By IAN FAILES
By IAN FAILES
In 1987, fierce creatures and hulking robots seen on film were still mostly the domain of either full-sized practical effects or stop-motion animated miniature puppets. When director Paul Verhoeven needed menacing enforcement droid ED-209 to wreak havoc in his future dystopia, RoboCop, which celebrates its 30th anniversary in July 2017, he capitalized on both techniques.
The scenes with ED-209, while limited, have become some of the most memorable in VFX film history, partly because of the initial ferocity of the robot’s actions, and owing to its comical turns in navigating a staircase, and its eventual demise.
Tippett Studio, led by visual effects supervisors Phil Tippett, VES, and Craig Hayes, devised the ED-209 effects. The studio built both the full-sized model of this Omni Consumer Products (OCP) weapon, a mostly static set piece that was around seven feet tall and weighed 300 pounds, and a matching stop-motion version capable of much more articulation.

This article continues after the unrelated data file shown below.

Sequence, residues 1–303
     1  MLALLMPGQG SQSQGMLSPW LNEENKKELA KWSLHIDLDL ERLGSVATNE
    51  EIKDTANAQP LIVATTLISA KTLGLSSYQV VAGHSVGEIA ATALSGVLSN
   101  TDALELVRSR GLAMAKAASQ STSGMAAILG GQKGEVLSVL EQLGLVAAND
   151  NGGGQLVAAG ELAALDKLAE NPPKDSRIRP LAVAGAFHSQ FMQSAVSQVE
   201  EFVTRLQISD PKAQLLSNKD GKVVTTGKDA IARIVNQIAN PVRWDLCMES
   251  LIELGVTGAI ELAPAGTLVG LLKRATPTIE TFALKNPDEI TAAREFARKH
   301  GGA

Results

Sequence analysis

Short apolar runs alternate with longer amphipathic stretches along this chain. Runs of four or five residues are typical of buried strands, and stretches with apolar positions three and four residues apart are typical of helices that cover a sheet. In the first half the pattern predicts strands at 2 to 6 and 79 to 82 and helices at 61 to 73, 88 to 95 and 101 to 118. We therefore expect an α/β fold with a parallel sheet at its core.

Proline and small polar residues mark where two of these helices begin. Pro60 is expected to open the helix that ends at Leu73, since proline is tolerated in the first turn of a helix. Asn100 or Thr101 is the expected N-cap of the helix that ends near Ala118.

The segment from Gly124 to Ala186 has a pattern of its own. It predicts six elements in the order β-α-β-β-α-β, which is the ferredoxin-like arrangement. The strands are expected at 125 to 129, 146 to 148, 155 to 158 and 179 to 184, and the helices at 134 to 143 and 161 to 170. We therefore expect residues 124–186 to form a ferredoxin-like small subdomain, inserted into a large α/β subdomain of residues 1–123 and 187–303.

RoboCop depicted a Detroit, Michigan, future that was crime-ridden and run by a mega company. The concern had developed a huge crime-fighting robot that developed a dangerous glitch.
The company then tries to win back the public’s favor by reconstructing a newer robot using the body of a slain policeman. The film starred Peter Weller and Nancy Allen. There were several sequels. The film was rebooted in 2014 with director José Padilha and actors Joel Kinnaman, Gary Oldman and Michael Keaton. The original is still regarded as the crown of the RoboCop progression.